# Pressure/Volume Calculations

A “floating drum” storage offers a good, simple way of measuring gas production. You just record the change in height of the drum and volume of gas = area * height (area of a circle = pi Dsquared/4 or pi Rsquared and there are 1000 litres in a cubic metre). If you want more accuracy use a small diameter drum with greater height to get the necessary capacity. Pressure and volume of any gas are related by p1v1=p2v2, where p is pressure, v is volume and 1 represents the initial conditions and 2 is the final conditions. Mass and volume are related by density, where Density = Mass/Volume and the density of biogas is about 1.18 kg/m3. The easiest way to develop the pressure needed for burners etc is to add weight to the drum (bigger diameter – more weight, since Pressure = kg*9.8/sq.metres) and if you measure “pressure” in mm of water you need to know Pressure (Pa) = 9.8 *Height (mm). I think that should let you calculate anything you need and I hope you understand the “useful” metric units I have used.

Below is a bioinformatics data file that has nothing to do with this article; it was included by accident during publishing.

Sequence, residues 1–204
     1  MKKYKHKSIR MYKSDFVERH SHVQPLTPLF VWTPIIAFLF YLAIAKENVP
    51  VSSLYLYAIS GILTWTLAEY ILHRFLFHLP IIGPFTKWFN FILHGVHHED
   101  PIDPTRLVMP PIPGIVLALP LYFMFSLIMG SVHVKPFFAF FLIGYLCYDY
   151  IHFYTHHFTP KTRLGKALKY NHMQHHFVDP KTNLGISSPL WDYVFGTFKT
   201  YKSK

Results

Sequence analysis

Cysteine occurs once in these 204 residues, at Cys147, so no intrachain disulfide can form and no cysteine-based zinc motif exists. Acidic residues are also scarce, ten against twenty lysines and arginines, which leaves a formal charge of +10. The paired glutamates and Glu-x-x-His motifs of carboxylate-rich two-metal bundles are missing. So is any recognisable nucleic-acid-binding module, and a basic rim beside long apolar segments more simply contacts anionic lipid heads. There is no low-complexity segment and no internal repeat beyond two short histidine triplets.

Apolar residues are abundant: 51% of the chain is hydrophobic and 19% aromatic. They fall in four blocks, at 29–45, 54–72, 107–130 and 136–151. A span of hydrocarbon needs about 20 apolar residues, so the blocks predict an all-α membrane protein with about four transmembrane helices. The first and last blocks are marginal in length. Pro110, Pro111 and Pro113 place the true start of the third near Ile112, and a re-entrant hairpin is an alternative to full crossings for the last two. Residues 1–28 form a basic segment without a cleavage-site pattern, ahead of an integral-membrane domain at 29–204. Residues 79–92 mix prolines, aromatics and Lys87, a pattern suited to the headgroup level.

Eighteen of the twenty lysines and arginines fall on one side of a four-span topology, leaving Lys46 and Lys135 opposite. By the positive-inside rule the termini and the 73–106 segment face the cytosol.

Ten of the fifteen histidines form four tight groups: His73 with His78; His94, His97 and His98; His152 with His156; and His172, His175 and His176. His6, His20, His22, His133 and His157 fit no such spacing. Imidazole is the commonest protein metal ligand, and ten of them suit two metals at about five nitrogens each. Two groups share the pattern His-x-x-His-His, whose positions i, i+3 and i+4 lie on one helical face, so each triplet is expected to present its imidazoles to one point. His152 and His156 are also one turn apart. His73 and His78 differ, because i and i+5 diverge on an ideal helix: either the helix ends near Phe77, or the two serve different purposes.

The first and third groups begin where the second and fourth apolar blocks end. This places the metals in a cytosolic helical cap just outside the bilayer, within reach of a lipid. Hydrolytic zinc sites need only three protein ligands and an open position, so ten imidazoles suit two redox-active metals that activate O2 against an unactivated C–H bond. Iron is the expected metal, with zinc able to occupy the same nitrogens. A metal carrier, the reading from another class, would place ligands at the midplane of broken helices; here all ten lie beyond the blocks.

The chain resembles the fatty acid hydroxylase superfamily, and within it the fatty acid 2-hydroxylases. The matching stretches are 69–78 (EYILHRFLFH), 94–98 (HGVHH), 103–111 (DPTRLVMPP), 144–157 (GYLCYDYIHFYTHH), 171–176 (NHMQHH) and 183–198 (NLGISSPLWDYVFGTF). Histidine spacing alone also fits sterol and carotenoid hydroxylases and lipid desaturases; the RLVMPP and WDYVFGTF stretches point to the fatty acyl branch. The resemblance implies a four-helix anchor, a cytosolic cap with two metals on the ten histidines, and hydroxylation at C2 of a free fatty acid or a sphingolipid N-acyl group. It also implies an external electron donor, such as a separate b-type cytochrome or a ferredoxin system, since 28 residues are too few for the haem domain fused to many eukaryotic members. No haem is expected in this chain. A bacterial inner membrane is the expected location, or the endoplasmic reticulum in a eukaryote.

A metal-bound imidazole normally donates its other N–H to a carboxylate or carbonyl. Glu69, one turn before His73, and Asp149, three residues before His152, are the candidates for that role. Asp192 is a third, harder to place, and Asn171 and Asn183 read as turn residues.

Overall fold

I have set up a spreadsheet to do the hard work, which provides the example below for you to practice on.

### Calculations for gas volume

C Paul Harris, November 2010 Version 1.0

#### Volume of gas

Diameter of Container
1.3
m

Height
1.2
m

Volume Contained
1.593
m3 or
1593
litres

#### Volume change with pressure

mm Water
Pa

Initial Pressure
10
101398

Final Pressure
20
101496
Requires
13.3
extra kg

Final Volume

1.591
m3 or
1591
litres

Volume at Atmospheric Pressure
1.594
m3

#### Mass of gas

Density (Cmp 60% CH4)
1.1607
kgm-3
(At Atmospheric pressure)

Mass
1.851
kg or
1851
g

#### Volume change with temperature

(based on Final pressure and volume!)

Fixed Vol.
Fixed Press.

Pressure
Volume

(Pa)
(m3)

Initial Temperature (C)
20.0
101496
1.591

Final Temperature (C)
30.0
104958
1.646

Notes

Enter initial data in yellow cells

Enter Final pressure and temperature in the orange cells

If you know the mass adjust the Final Pressure to get the pressure resulting from that mass.